Wheeling—Another word for transmission, especially by an entity that does not actually own the power that is being transmitted.
Wholesale Competition—As the term suggests, an open market system where multiple electric power generators can sell to distributors, and distributors can buy from more than one generator.
Access Charge—A flat fee levied for withdrawing energy from an ISO-controlled grid. This fee recovers any of the utility’s transmission costs that are not recovered through a variable usage charge, which is the fee levied for the actual amount of energy used.
Aggregator—An entity that brings together small customers to buy electric power in bulk, allowing the customers to benefit from the economies of scale enjoyed by large customers.
Competition Transition Charge (CTC)—A fee levied by a utility to recover its stranded costs.
Direct Access—The purchase of electric power from a wholesale/retail dealer rather than a local distribution utility.
Embedded Costs Exceeding Market Prices—Costs of electric utility investments above current market prices, such as costs from regulatory or contractual obligations, that cannot be recovered in the sale of an asset and become stranded costs.
Load Aggregation—The pooling of loads by a group of customers to gain energy cost savings through economies of scale when purchasing electrical power.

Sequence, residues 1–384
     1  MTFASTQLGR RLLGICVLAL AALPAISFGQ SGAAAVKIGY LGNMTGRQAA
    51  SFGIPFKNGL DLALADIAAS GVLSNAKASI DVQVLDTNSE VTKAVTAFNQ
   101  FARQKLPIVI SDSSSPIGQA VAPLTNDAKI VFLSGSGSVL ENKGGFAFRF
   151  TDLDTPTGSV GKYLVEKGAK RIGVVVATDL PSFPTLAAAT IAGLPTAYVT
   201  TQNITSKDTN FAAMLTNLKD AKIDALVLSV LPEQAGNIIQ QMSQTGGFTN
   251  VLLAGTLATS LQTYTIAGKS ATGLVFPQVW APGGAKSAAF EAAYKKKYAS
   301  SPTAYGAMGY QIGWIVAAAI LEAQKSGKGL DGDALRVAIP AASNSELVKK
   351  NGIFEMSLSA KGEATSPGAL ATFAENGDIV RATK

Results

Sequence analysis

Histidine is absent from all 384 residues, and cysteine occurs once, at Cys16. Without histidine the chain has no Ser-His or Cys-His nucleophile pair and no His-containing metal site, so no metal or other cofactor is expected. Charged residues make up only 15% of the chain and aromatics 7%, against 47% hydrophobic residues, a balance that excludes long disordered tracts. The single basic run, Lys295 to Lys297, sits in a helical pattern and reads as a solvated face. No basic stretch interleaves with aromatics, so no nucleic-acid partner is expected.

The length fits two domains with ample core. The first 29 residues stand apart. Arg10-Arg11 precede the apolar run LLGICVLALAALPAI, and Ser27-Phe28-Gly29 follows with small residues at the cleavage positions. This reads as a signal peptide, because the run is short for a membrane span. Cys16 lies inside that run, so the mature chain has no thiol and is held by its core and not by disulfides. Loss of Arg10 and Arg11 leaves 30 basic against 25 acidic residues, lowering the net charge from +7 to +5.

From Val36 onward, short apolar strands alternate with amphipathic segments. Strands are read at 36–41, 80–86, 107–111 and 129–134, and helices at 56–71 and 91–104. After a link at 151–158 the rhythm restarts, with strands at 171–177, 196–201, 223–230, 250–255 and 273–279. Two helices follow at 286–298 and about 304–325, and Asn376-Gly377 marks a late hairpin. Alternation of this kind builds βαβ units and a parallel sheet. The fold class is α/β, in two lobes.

Re-regulation—Deregulation may break vertically integrated utilities into smaller entities that still enjoy a natural monopoly because of the lack of viable competition. In those cases, re-regulation might be applied to assure fair and consistent service.
Retail Competition—An open-market system in which multiple electric power providers can sell to customers, and customers can buy from more than one provider.
Stranded Costs—Costs for investments in generating plants and other assets that a utility company probably cannot recover after deregulation. These costs show up as competition transition charges on customers’ monthly bills.
Sunk Cost—A cost that cannot be avoided because it has already been incurred.
Unbundling—Breaking electric service into its basic elements—generation, transmission, and distribution—and then setting rates for each service.
Customer Charge (service charge)—This is the charge for having electric service available. It includes such costs as reading the meter and the cost of billing the account.
Delayed Payment Charge—If full payment is not received within a specified amount of time—as set by the utility—an additional charge (usually a percentage of the total bill amount) may be added onto the bill.
P.I.P. Recovery Charge—The number of kilowatt-hours you use multiplied by the current recovery amount for Percentage-of-Income Payment (P.I.P.) Plan arrearages.
Utility—In a regulated environment, typically a company that is vertically integrated, in other words, that provides the full range of power-related services and that historically provides those services to all the customers in a specific geographic region. However, a utility may also be involved just in individual services such as generation, sales, transmission, or distribution.
Vertical Integration—When one company owns and manages the entire electric service process: generation, sales, transmission, and distribution.